As our community grows, there is increased opportunity for interactions with all kinds of wildlife – including coyotes. Coyotes are found in all 48 continental states in the United States and are firmly established in most major metropolitan areas including Austin and Travis County. 

Coyote Management in the City of Austin

In November 2014, the City Council approved a Coyote Management Policy through a resolution for the City of Austin.  The policy balances public safety concerns by providing criteria for determining public safety threats and humane treatment for all animals. 

If you would like complementary, city informational brochures about coyotes or a free, one-hour presentation for your neighborhood association, informal group of neighbors, or any other civic group, please contact 512-978-0514.

Information on Coyotes in Central Texas

Their adaptability and opportunistic diet make them well suited to urban and suburban landscapes where food sources are plentiful. Coyotes primarily hunt small animals such as mice, rats and rabbits; scavenge for human and pet food left outdoors, garbage and carrion; and eat fruits, berries and other plants. Coyotes may also prey upon other small mammals such as house pets if they are easy to access. (Read “What to Do Around Your Home and Neighborhood” below for tips on keeping small pets and other animals safe.) If food sources are plentiful, a coyote’s home territory may be less than one square mile in an urban setting. In the wild, territories are many times larger.

Coyotes are typically most active at dawn and dusk, though may be seen hunting or traveling during daytime hours, and use a variety of vocalizations to communicate. Coyotes range in size from about 25 – 40 pounds, though they may be mistaken as larger because of their thick coat. Coyotes are naturally wary of humans, but living and finding easy food sources in close proximity to humans with few negative consequences can cause coyotes to become bolder and create potentially unsafe situations. 
With a little knowledge of coyote biology and best practices in managing interactions with coyotes, we can keep communities safe for people, pets and wildlife. These best practices include reducing or removing possible food and water sources, maintaining properties to reduce places to shelter and hazing coyotes when appropriate, which helps reshape their behavior and discourage them from frequenting the area.

Printable Flyer in English

What to Do Around Your Home and Neighborhood

  • Keep wildlife wild – don’t feed them!
  • Do not feed pets outside or leave pet food outside
  • Check your property for and eliminate potential sources of food and water
    • Clean up bird seed on the ground
    • Keep barbecue grills clean
    • Tightly cover and secure garbage cans and compost bins
    • Clean up under fruit and nut trees
    • Eliminate artificial water sources
  • Trim brush and shrubbery near ground level
  • Make sure fences are secure and close off crawl spaces under porches, decks and sheds
  • Keep small pets inside if possible and monitor them when outside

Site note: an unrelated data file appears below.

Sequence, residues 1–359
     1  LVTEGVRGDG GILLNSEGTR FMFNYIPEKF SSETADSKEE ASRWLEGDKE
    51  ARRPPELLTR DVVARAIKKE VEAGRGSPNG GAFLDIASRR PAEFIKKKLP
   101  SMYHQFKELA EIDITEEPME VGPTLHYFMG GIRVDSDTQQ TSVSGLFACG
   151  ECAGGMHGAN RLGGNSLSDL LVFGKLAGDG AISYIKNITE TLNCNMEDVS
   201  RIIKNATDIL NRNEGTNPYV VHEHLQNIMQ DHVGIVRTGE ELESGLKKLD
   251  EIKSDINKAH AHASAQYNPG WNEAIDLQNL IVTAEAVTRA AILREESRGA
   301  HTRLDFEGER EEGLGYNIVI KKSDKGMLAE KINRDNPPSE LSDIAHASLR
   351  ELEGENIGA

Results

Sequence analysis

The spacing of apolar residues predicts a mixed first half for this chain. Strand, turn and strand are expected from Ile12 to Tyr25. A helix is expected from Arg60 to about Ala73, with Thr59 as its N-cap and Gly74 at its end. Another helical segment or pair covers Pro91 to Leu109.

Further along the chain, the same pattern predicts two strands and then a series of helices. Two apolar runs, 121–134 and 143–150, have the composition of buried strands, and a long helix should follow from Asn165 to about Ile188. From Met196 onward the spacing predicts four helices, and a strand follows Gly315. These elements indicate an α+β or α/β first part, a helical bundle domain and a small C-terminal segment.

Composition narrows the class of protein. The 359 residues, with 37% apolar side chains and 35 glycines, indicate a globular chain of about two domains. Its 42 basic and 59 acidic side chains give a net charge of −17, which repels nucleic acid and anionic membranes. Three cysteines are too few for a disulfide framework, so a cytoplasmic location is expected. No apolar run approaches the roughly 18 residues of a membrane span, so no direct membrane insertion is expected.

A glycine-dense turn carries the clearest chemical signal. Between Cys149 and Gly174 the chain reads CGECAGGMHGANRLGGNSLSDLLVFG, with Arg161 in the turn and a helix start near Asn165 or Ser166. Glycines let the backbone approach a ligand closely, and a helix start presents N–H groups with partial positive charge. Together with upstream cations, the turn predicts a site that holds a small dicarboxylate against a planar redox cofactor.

• Provide secure shelters for poultry or other animals living outside
  • Always follow leash laws and walk dogs on leashes 6’ or less in length
  • Be aware of possible coyote den sites when in parks or other natural areas. Coyotes are protective of pups and may view people or dogs (even larger dogs) as interlopers. Coyotes den, mate, and birth pups generally from January to June and are most territorial then.
  • Install motion activated sprinklers or outdoor lighting around your property

Hazing: How to Scare a Coyote Away to Minimize Future Interactions

Hazing, also sometimes called vexing, is a process that helps reshape coyote behavior and encourages coyotes to avoid contact with people and pets. It reinforces coyotes’ natural wariness without harming them. The more an individual coyote is hazed using a variety of tools and techniques by a variety of people, the more effective it will be for the entire community. Hazing should be exaggerated, assertive and consistent. It is a common technique used in communities around the country.

  • Make eye contact, yell and wave your arms. You want the coyote to know the behavior is directed at it. Waving your arms will make you seem bigger.
  • Use noisemakers such as whistles, air horns, a “shaker” can full of small rocks (or something similar), or bang something like pots and pans together.
  • If the coyote does not leave immediately, throw non-edible objects near it. You can use something like small rocks, sticks or tennis balls. Remember, the goal is not to hurt the coyote, you’re trying to get it to leave and associate humans with unpredictable, “scary” behavior.
  • Spray the coyote with a water hose, water guns or spray bottles. You can also use a mixture of water and vinegar, pepper spray or bear repellant.
  • If the coyote does not leave after escalating hazing efforts, maintain eye contact and back away slowly. Notify 311 immediately.

Don’t haze if a coyote appears sick or injured, is cornered or displaying acceptable coyote behavior.  Please call 311 to report sick or injured animals